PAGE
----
- A good way to help those that grieve is to feel compassion and allow them to vent or cry or scream. Don't judge or blame. Be merciful.
- Listen! I can't say it enough. Just listen. Then reflect and acknowledge their feelings. They have a right to them. They are in shock. Some go into denial. And others reveal no emotion at all. It's devastating. It's surreal. It is unbelievable. Just a nightmare.
- Be patient and accept their feelings.
- Don't try to provide answers to their unanswerable questions.
- Do not compare their grief to yours even if it was related to suicide.
- Reassure affected children that they are not responsible.
So what do we say to a person who is grief-stricken? Sometimes, " I'm praying for you or I'm so sorry " is all that is needed. And sometimes the best thing to do is not say anything...let your arms do the talking and give them a nice sincere hug.
Condolence Suggestions For The Death Of An Adult Child
Losing a child, young or an adult, is the most difficult loss of all. What do you say to those who have suffered a loss of this magnitude?
It takes a while before the parent and family will overcome a shock like this. Keep your message short and simple. The following suggestions may be helpful:
- I'm so sorry for your loss.
- Let me know if I can do anything.
- It was such a blessing to know (child's name.)
- I'm here when you need me.
- Just give a hug - no words are needed.
- Send flowers.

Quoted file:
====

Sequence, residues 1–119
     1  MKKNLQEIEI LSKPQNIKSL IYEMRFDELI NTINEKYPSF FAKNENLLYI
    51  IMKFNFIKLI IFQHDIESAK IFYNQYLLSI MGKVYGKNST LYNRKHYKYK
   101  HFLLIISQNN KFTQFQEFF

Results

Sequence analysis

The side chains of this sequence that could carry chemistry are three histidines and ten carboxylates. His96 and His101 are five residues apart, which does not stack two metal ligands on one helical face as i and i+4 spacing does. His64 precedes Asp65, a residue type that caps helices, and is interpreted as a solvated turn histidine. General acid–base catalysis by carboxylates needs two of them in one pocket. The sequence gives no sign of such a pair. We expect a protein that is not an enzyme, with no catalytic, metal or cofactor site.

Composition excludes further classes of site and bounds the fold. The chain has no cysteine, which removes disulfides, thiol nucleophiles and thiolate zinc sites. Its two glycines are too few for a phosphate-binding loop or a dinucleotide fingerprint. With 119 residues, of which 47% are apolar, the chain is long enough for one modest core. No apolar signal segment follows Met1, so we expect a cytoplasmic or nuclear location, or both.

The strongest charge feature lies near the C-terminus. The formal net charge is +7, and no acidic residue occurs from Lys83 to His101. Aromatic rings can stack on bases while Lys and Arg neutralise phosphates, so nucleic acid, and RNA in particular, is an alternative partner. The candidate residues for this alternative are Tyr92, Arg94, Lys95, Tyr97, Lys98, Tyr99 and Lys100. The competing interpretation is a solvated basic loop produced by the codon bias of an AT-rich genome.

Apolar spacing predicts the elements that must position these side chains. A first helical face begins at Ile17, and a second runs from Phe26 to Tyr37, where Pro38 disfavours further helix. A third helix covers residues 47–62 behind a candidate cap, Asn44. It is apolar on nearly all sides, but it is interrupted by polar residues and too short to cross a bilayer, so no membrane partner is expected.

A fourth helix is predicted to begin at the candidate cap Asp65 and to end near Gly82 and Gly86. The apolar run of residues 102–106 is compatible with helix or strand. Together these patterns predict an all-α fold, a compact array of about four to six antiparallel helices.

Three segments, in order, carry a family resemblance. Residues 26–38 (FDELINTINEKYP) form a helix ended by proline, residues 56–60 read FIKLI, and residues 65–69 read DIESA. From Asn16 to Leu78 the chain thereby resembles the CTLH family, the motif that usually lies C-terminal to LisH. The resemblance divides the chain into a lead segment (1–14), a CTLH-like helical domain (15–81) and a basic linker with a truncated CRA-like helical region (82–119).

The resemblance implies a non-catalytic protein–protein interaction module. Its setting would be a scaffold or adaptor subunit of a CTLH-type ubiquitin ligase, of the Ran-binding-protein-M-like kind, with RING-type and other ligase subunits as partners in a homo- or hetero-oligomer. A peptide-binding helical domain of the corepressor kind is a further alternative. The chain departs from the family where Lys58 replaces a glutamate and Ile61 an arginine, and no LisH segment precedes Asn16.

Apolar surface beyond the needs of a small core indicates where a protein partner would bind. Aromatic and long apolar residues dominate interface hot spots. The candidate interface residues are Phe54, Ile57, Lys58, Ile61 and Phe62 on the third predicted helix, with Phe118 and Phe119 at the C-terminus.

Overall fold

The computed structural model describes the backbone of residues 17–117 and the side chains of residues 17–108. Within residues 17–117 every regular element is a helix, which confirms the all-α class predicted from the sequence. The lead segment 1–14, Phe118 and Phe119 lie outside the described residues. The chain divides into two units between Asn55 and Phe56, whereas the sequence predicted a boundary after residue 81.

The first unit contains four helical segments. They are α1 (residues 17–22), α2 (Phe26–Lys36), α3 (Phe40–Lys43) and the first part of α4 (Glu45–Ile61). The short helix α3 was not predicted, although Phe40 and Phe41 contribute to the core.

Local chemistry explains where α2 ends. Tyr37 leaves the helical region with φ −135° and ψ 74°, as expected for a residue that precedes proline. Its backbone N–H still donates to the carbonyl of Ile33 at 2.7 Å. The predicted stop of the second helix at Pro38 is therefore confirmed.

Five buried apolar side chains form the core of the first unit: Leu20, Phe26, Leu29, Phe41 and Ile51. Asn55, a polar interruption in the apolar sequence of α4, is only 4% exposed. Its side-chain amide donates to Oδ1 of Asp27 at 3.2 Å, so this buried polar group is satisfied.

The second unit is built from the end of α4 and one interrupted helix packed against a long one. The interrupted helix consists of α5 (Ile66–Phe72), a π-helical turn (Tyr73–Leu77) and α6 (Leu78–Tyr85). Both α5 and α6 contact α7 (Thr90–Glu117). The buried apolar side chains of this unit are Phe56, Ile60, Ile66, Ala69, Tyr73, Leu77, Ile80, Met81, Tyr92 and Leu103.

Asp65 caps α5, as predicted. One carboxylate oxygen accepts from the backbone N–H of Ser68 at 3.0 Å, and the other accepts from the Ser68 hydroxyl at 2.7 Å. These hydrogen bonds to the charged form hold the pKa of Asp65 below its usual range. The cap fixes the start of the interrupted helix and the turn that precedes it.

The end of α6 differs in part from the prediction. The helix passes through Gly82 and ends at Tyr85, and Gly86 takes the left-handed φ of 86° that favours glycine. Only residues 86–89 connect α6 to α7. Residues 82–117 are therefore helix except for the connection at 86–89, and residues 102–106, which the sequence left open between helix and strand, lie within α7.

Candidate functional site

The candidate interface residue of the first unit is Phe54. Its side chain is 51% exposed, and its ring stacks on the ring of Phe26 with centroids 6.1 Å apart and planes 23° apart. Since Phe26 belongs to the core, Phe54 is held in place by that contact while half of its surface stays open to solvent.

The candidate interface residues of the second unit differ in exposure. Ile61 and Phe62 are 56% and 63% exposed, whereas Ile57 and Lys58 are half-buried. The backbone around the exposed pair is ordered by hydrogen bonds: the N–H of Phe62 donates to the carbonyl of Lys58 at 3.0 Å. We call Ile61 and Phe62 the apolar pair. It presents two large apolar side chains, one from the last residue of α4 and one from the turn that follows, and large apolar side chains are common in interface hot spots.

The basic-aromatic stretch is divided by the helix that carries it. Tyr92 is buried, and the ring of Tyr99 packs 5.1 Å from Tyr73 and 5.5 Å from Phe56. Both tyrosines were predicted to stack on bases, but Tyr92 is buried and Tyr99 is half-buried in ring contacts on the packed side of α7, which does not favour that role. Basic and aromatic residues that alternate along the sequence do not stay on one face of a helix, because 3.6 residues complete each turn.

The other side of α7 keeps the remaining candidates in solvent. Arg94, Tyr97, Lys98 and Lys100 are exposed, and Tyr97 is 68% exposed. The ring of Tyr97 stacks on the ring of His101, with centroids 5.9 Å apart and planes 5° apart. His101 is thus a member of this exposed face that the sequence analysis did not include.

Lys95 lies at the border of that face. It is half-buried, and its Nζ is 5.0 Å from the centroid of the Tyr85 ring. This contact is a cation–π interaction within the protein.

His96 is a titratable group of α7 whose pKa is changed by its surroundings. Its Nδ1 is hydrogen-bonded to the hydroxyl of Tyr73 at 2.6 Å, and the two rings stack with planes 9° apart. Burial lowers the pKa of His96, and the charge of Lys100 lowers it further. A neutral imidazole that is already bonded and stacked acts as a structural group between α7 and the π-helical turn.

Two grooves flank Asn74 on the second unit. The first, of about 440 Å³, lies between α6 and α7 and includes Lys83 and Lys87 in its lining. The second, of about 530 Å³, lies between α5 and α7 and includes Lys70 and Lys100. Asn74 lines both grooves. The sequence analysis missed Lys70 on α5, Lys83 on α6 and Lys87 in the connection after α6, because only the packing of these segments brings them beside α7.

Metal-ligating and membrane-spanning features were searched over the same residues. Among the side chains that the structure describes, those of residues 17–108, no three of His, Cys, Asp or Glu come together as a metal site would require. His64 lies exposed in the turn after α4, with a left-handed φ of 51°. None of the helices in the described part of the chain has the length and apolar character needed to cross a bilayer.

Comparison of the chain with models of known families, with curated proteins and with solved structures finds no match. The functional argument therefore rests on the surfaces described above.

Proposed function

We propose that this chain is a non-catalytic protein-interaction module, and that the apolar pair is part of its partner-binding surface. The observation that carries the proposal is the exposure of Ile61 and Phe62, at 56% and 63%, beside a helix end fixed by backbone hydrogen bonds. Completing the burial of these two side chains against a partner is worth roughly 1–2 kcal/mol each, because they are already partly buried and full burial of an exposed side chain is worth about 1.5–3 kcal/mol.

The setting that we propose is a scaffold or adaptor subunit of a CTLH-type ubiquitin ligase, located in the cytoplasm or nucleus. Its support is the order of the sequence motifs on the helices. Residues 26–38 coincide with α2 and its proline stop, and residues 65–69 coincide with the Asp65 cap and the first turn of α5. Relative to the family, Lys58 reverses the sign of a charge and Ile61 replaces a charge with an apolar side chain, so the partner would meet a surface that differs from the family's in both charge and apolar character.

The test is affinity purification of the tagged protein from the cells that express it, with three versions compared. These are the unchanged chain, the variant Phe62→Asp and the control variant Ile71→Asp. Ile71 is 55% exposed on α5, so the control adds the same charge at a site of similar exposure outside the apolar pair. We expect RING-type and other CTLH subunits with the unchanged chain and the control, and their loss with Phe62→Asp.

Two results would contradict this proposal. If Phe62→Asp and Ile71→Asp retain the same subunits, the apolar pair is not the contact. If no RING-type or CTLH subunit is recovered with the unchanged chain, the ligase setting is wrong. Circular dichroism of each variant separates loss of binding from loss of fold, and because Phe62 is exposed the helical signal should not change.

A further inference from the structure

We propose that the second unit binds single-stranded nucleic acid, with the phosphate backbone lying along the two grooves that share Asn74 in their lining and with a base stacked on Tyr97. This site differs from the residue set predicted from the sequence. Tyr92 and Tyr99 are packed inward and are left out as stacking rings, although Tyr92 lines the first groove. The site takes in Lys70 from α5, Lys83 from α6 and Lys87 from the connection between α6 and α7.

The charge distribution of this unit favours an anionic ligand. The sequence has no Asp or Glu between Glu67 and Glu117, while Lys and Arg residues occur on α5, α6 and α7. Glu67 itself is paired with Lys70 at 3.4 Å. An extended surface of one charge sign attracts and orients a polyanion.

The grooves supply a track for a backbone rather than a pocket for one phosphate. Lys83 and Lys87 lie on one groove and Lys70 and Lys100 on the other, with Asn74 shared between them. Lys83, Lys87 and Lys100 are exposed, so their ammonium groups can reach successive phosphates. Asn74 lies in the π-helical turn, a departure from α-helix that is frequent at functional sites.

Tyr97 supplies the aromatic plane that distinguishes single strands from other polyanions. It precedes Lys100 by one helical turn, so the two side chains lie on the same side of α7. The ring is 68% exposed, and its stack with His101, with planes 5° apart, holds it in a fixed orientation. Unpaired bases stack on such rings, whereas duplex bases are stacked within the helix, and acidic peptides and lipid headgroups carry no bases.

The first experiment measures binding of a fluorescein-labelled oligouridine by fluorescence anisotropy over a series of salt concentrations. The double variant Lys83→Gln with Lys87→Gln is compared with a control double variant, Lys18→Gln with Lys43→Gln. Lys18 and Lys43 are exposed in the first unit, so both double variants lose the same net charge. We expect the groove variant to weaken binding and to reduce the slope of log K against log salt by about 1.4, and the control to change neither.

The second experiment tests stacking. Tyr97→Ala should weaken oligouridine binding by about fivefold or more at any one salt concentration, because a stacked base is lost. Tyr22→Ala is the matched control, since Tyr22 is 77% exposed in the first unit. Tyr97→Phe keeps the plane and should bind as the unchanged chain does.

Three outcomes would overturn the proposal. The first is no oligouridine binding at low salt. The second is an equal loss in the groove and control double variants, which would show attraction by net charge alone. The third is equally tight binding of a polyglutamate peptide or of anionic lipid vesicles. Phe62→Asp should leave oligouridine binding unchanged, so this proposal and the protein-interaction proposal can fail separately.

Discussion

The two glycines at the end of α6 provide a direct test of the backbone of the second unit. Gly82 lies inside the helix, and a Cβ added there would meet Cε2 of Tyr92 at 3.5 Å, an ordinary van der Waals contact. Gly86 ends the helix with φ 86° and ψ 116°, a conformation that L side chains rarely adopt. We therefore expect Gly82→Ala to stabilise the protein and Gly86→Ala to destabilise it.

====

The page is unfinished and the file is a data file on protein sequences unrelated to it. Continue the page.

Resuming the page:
- Send a card.
- Have a tree planted in the child's name.
- Send a book of inspiration or about the grieving process.
- Place flowers on the grave site.
A Word to The Survivor
There is a tendency for survivors to withdraw from others in shame because of fears of blame and stigma. I felt empty with mounds of guilt. "I should have been there. Maybe I could have saved him."...played repeatedly in my mind.
Survivors might also feel trauma-related reactions, especially for someone who discovers the body. Even thoughts of suicidal thoughts can develop in the grief.
For those who are grieving:
- Don't blame others, especially yourself.
- Take care of yourself physically by maintaining a good diet, rest and exercise.
- Reach out for support from those you trust.
- Engage in healthy activites that provide distractions.
- Be patient in your healing process.
To Those Who Are Grieving
These are my own suggestions based on my own experience. And just so you know, it's been 10 years since Cancer took my son's life. I still can't look at his photos. The pain is still raw and the tears have their way with me.
I hope these suggestions help:you at this terrible time:
- Allow yourself to grieve.
- Take some time to yourself.
- Go outside, among nature.
- Let the tears come.
- Don't try to be strong.
- Youve lost a part of your heart. Treat it gently.
As we try to comfort a grieving heart it's important to respect boundaries. There is no appropriate time to "get on with life" or "get over it". Be compassionate. The only thing you can really give is love.
Visits and phone calls should be limited or even avoided during the first few weeks. This is a private time for families and this privacy should be respected. Send cards of sympathy, flowers or even bake cookies and leave them at the door.
Remember to be brief when you do call or visit. Avoid being dramatic. Allow the grieving process to take place. It may take months or years to make sense of the death of a child, young or adult.
As for me... I will always grieve for my son.
Writing is a tremendous vehicle for self-expression. It provides therapy for those who grieve because it lifts the spirit and promises hope in the midst of tragedy.
Thank you for allowing me to touch upon my own personal heartbreak in the hope of helping others.
Resources And Help
© 2011 Audrey Hunt